‘Millions of us feel the same way’
MICHIGAN CITY — When Christina Zacny isn’t managing table games at Blue Chip Casino, she spends her time trying to make the world a better place.
Next weekend, she will joining a group of Northwest Indiana women who will be taking a road trip to Washington, D.C. to take part in the annual Women’s March.
In 2017, the Women’s March was “the largest single protest march in American history when millions of women and allies marched on Washington, D.C. and cities in every state,” according to local organizer Julie Storbeck of Valparaiso.
In Northwest Indiana, well over 200 women organized trips to D.C. and hundreds more marched in Chicago, Indianapolis, and local “sister city” marches, she said.
Zacny she got involved at first because of the healthcare issue.
“I have a rare disease and wanted to help make sure that insurance companies covered pre-existing conditions.”
After taking part in the local march in Valparaiso in 2107, the 48-year-old Zacny joined her 27-year-old daughter Bristol Flachsenberger at the march in Indianapolis last year.
This year she is eager to take part in the big march in D.C.
“Oh my gosh, I’m so excited,” she said Friday. “I think this will be the most empowering event of my life, just to be with so many women who have the same values as I do.”
And she believes the marches work, though maybe not in the way many people would think.
“I think they have an effect, certainly; maybe not at the political level but on people’s perspectives. Just to prove to people that there are millions of us who feel the same way.”
And she also sees the march as a coping mechanism.
“I’m obviously not a Donald Trump supporter, but I think things like this helped us get through the last two years. These have not been easy times for a lot of us.”
Her only regret is that her daughter, a DeMotte resident, won’t be joining her this year.
“I march for health care and she marches for women’s reproductive rights,” Zacny said of her daughter. “She has a new baby so both issues are very important to us.”
Since that first march, the event has grown into a “formidable movement that helped change the face of politics and make ‘intersectionality’ a household word,” Storbeck said.
After the first march, “we started a local community group called Hoosier Women on the March, which helps educate women and allies about local actions like the March for Our Lives, protesting the water crisis in East Chicago, and the deportations out of Gary Airport.
“Plus, we provide a safe place to discuss some of these issues like #MeToo or harassment in the workplace.”
Hoosier Women has chartered a bus to Washington for this year’s march. It will leave Friday, Jan. 18, and make stops to pick up participants in Merrillville, Portage, and Michigan City, Storbeck said.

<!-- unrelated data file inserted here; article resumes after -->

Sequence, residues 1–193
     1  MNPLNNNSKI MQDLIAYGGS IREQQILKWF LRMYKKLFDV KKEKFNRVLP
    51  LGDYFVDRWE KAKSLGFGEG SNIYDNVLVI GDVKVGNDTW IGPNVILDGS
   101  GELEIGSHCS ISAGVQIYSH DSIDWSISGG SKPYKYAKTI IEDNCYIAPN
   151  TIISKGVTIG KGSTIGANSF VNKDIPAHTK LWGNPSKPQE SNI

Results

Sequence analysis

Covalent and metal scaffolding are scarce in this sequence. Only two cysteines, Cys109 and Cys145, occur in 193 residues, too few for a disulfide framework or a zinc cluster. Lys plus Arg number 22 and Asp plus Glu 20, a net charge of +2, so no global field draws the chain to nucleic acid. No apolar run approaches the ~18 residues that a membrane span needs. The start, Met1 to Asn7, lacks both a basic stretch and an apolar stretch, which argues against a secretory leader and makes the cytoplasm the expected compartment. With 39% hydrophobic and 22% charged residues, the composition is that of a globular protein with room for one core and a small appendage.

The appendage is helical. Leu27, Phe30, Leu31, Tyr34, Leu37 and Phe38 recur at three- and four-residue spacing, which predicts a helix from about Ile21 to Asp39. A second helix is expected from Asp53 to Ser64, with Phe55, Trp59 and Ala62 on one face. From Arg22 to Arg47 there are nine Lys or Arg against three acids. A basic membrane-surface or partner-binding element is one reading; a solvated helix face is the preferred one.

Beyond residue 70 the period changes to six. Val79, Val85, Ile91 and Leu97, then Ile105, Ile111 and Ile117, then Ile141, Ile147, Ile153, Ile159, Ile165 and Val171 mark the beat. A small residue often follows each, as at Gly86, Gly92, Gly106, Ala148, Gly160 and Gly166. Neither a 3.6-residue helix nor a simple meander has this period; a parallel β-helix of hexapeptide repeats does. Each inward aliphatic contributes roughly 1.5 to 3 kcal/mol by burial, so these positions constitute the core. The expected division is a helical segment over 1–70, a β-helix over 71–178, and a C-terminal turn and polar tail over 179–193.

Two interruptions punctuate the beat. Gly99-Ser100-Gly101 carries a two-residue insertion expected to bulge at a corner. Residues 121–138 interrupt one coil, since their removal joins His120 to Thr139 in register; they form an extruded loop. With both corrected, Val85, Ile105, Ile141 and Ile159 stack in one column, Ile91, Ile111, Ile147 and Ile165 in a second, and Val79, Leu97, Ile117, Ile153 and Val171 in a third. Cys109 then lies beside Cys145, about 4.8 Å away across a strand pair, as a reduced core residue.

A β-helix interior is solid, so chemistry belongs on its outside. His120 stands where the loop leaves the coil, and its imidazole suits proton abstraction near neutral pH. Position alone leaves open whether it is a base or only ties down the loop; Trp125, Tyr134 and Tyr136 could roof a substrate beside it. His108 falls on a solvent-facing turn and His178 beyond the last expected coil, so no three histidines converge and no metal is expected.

“From there, it’s a straight shot to D.C. for a whirlwind weekend that will change your life forever.”
Taking part in the first Women’s March definitely changed hers, she said.
“We had folks aged 18-85, of different genders, different races, different religions, different histories, on our buses talking and laughing together. I met one woman who was 100 years old. She was in a wheelchair and there was no shortage of women taking turns wheeling her through the sea of marchers.
“There were too many moments like that to share in one sitting.”
In 2018, Hoosier Women chartered three buses to the Women’s March in Indianapolis.
“With the elections, we felt we needed to march on our own capitol,”Storbeck said.
Erin Ledyard, a teacher in Michigan City, made banners that read “Celebrating Diversity” and “Marching for Equality” to take along on the trip.
Now in its third year, the group decided to send a bus to Washington. Those unable to go can donate for a marcher who otherwise couldn’t afford the ticket. Other women are carpooling to Indianapolis and some are planning to attend Chicago’s March Against Hate, sponsored by the Democratic Socialists of Chicago.
“This year, we’re marching on three states, so there’s something for just about everybody,” Storbeck said, “but, in my opinion, if you can get on a bus to D.C., that’s the place to be, especially if the government shutdown is still going on.”
For Zacny, a bus captain, it will be her first trip to Washington.
“The first year I marched in Valpo, and last year in Indianapolis. Now, I couldn’t be more excited about marching in Washington.”
So excited that she has taken time off from her job, though she said Blue Chip management has been understanding.
“They’ve been supportive,” said Zacny, who lives in Wheatfield and graduated from Kankakee Valley High School and Purdue North Central.
“I ran for political office after that first march [for District 16 state representative], and they have been supportive ever since.”
Both Storbeck and Zacny hope to see more women, especially from the La Porte County area, taking part.
“I know a lot of people from Michigan City are involved, and many will be going,” she said. “But we want to get as many more as possible to take part.
“This is our best chance to get our issues out, front and center, and show people that millions of us care about these issues.”
Tickets are $125 roundtrip, and include snacks, drinks and lightweight breakfast and sack lunches. Every rider will receive a commemorative pin.
Tickets can be purchased online at Eventbrite.com at “NWI Women’s March to DC (Jan 19, 2019),” or by emailing HoosierWomen@gmail.com. The event is listed on Facebook at “Hoosier Women on the March, the Page.”
Along with trying to rally more support for the march, Zacny is also organizing food and first aid kits for the trip.
“We’re women,” she said. “We make lunches. Nobody goes hungry or without Band-Aids when women are in charge.”